Inherited Cataract HSF4-1 Test Code 207
For breeds: Staffordshire Bull Terriers, Boston Terriers and French Bulldogs
Inherited Cataract HSF4-2 Test Code 208
For breeds: Australian Shepherds (all varieties) & Miniature American Shepherds
OptiGen is pleased to offer the HSF4 tests through licensing by the Animal Health Trust where this cataract research was primarily conducted. Two mutations in the heat shock transcription factor gene, HSF4, have been reported to be associated with hereditary cataracts (HC) in several breeds of pure-bred dogs (1). One mutation (HSF4-1) observed in the Staffordshire Bull Terrier, Boston Terrier and French Bulldog acts as an autosomal recessive and results in the development of the juvenile form of cataract in dogs homozygous for the mutation. Cataracts caused by HSF4-1 are typically symmetrical in both eyes, first observed when pups are a few weeks to months of age and progressing to total lens cataract by 2-3 years of age. The heterozygous carriers of HSF4-1 are clinically unaffected.
A different mutation (HSF4-2) in the same gene is found in the Australian Shepherd. Unlike the HSF4-1 mutation, the Australian Shepherd mutation is inherited in an incomplete dominant manner, meaning that presence of just one copy of the mutation can lead to developing cataract (1). A study based on 392 Australian Shepherds indicates that about 50% of dogs carrying one copy of the deletion develop bilateral posterior cataracts when they are about 5 years old, while homozygotes (i.e. dogs carrying two copies of the HSF4-2 mutation) are more likely to develop a nuclear form of cataract that typically progresses to complete cataract (2).
The studies of hereditary cataracts indicate that in addition to HSF4 mutations there are other genetic factors that can contribute to the development of the disease in the above mentioned breeds. For example, Boston Terriers suffer from both juvenile and late-onset forms of HC, and it has been shown that the HSF4 mutation is responsible for the early-onset cataract only (3). Similarly, there were dogs in the Australian Shepherd cohort, which were normal for the HSF4 mutation but developed various types of cataracts, indicating that additional mutations are likely to contribute to the development of cataracts in this breed (2).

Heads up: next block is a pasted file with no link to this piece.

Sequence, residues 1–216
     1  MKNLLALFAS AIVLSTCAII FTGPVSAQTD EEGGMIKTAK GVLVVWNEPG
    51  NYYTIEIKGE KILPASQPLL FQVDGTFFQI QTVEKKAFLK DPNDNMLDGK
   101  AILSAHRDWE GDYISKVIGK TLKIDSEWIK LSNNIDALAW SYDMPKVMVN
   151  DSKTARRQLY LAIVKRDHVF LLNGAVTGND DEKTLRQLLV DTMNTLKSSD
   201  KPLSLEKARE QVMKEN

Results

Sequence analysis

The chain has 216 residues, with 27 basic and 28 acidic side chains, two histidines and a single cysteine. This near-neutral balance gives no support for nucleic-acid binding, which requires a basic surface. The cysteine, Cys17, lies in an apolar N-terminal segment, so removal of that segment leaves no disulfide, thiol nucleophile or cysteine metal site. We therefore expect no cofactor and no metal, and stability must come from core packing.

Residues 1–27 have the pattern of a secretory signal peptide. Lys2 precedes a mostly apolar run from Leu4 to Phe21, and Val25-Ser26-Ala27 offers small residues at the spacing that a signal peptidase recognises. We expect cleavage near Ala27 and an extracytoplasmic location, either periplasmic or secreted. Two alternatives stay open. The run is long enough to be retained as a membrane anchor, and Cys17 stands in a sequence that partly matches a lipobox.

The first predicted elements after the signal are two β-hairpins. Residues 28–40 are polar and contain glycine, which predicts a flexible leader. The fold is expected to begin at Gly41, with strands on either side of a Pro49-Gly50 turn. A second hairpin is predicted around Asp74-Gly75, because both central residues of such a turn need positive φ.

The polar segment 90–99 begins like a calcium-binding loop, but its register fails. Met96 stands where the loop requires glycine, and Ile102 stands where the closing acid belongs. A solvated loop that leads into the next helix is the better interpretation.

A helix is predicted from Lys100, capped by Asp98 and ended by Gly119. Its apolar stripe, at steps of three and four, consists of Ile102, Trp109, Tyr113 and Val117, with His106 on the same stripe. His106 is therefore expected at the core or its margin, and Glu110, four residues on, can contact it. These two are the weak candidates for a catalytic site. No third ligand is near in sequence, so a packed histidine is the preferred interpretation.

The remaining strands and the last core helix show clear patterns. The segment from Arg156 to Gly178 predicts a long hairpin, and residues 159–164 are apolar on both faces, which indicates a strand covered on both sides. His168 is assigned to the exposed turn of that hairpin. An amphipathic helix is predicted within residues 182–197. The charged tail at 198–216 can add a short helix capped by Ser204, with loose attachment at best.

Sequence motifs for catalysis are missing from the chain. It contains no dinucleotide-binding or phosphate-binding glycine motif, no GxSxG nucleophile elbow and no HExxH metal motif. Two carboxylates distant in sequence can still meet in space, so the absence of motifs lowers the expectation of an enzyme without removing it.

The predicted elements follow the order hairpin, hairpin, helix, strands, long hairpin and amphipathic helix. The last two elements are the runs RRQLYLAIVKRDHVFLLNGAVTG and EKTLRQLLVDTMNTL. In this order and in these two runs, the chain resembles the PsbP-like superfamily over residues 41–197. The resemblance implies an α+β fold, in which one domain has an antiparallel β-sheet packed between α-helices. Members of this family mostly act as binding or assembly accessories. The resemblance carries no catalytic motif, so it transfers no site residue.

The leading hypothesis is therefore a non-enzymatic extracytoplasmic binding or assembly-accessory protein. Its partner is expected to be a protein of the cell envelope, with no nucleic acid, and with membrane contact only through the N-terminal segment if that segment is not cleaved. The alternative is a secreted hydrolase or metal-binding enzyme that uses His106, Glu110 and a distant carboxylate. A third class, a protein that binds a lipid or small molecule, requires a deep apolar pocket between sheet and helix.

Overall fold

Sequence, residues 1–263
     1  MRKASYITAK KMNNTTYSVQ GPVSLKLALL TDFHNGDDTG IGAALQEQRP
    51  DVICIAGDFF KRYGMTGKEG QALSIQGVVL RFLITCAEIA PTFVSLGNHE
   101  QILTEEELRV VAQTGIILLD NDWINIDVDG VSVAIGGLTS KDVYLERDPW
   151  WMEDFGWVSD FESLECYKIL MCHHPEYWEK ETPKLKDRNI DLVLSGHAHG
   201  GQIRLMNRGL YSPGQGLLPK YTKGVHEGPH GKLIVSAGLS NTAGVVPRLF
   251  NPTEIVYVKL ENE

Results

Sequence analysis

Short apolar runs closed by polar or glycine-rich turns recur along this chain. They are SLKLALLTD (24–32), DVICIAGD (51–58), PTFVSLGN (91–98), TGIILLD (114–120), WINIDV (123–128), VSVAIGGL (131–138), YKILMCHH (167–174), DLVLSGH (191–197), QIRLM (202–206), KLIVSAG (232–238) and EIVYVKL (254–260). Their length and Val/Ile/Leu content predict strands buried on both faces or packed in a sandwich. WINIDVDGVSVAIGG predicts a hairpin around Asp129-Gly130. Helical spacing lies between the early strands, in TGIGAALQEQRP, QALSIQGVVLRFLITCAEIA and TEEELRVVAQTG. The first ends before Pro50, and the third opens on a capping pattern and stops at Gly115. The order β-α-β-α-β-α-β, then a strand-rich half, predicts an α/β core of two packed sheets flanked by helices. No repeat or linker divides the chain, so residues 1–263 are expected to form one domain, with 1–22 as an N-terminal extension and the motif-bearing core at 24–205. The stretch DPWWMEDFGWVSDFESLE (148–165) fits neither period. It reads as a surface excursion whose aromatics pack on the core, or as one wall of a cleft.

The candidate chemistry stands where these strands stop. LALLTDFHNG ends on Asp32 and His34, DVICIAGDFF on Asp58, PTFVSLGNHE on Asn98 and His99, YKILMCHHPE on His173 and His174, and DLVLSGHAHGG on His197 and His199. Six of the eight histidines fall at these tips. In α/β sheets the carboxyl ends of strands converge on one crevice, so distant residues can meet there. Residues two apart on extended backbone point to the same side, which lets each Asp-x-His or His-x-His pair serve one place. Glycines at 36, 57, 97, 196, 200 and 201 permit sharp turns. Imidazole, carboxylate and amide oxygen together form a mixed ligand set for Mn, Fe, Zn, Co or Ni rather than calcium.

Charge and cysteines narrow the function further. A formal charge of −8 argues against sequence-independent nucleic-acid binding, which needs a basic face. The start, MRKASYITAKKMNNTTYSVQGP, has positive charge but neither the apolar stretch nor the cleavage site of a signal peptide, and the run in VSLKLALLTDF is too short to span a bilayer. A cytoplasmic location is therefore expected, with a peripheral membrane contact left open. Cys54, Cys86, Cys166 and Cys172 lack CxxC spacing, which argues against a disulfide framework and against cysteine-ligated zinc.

Prevalence of HSF4 mutations
The frequency of the HSF4-2 mutation in the Australian Shepherd was estimated to be 16.6% based on 392 dogs from 12 different countries (2). Statistics on several thousand dogs confirm that the frequency of the mutation is quite high in this breed, with approximately 23% of Aussies being carriers of the HSF4-2 mutation. The frequency of the HSF4-1 mutation seems to be lower, with about 8% of the French population of Staffordshire Bull Terriers tested as carriers (4).
Breedings strategies for reducing frequency of deleterious mutations causing cataracts in dogs
The high frequency of HSF4 mutations and their significant association with hereditary cataracts in the above mentioned breeds call for careful planning of breeding strategies. Since both types of HSF4 mutations have profound deleterious effects on vision when two copies of the mutation are present, it is recommended that at least one member of a breeding pair has been DNA tested as Normal/Clear of the mutation. The increased risk of developing cataracts when only one copy of the HSF4-2 mutation is present should also be considered when making breeding choices in the Australian Shepherd. It should be noted, however, that the high frequency of the HSF4-2 mutation in the breed warrants caution in the quickly/entirely eliminating carriers from the breeding population as this could have adverse effects on the breed as a whole.
- Mellersh et al., 2006, Veterinary Ophthalmology 9: 369-378
- Mellersh et al., 2009, Veterinary Ophthalmology 12: 372-378
- Mellersh et al., 2008, Journal of Heredity 98: 531-533